With Ruth we know our favorite hospice worker, Carolyn O., was there holding her hand. We have no such for Mom (Janet said they simply left before). With Ruth we received an official notification phone call from a minor factotum: blunt, sorrowful, embarrassed, poorly done, so ashamed and scared that I wound up comforting her; I had it to spare then. So this is the way of the world. With Ruth I could be very calculating and scientific, numerically exact: 100 years 2 months 18 days. With Mom I have not done so, although we have the dates. With Mom the detail is that she was 89 and not 90 as the number of years would seem to indicate. With both of them -- ah here is a Great Collusion -- we can proudly, and definitively, state: It Was Not Covid. I did not lose my 2 mothers to the scourge. Neither one succumbed to Covid, which has taken millions, which is a defining fact and the world war of our times. In each case and in unique ways of their own they both escaped.
|Taken at Crested Butte, Colorado|
Oh their lives were impacted, Ruth's by control of hospice workers and caregivers and Jeanne's by 3 years of house arrest. But so were we all. That was the framework of the world at the time. If I can remember the Before Times -- 60 of my 63 years! -- that is my curse and my blessing.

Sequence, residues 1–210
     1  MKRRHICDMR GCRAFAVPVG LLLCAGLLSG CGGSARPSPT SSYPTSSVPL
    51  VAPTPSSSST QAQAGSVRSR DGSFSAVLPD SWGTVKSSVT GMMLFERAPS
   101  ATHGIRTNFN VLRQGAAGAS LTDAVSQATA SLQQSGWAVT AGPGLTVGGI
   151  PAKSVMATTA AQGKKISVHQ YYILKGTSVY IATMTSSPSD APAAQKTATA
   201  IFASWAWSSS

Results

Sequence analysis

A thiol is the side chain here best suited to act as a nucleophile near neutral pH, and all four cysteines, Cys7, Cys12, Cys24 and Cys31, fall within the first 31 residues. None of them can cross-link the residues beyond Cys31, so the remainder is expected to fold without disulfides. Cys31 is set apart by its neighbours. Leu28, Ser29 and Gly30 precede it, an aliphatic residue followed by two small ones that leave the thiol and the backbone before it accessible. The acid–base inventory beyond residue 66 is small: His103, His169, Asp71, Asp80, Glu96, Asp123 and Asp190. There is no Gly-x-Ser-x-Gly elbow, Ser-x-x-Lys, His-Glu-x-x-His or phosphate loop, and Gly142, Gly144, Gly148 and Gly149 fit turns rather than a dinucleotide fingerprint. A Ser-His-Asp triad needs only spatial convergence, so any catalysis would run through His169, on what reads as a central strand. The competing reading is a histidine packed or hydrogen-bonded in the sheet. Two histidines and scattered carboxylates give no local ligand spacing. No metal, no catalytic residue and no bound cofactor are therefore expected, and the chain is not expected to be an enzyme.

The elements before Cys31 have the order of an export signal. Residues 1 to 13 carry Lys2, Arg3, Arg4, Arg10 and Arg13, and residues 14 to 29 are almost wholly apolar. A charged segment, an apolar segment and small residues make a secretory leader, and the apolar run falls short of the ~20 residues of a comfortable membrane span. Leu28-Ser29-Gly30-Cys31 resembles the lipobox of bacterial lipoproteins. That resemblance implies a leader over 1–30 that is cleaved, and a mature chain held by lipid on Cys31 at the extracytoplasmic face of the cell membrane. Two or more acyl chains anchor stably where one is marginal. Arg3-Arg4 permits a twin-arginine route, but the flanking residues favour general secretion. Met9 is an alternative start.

My mom was a piano player, and gave me the supreme gift of music and music-playing (not to mention heaps and heaps of sheet music!). To this day I play piano and it restores my soul. She gave me so much that I can truly say: she is with me still. I would like to post about her memorial service (May 10) and so much that was said about her then. But this post is already long enough. Perhaps it can be understood this story will be covered in waves.
I will end with the Irresistible Ice Cream shot. This photo was taken by Christina Pilz, a dear family friend, who kindly did the grocery shopping for my folks during their last 2 years together while in Boulder. Mom had been restricted from such rich foods for most of her life, so actual doctors orders to indulge and gain weight (she had gotten too skinny and would not gain) were followed with much glee.
|Illicit Ice Cream|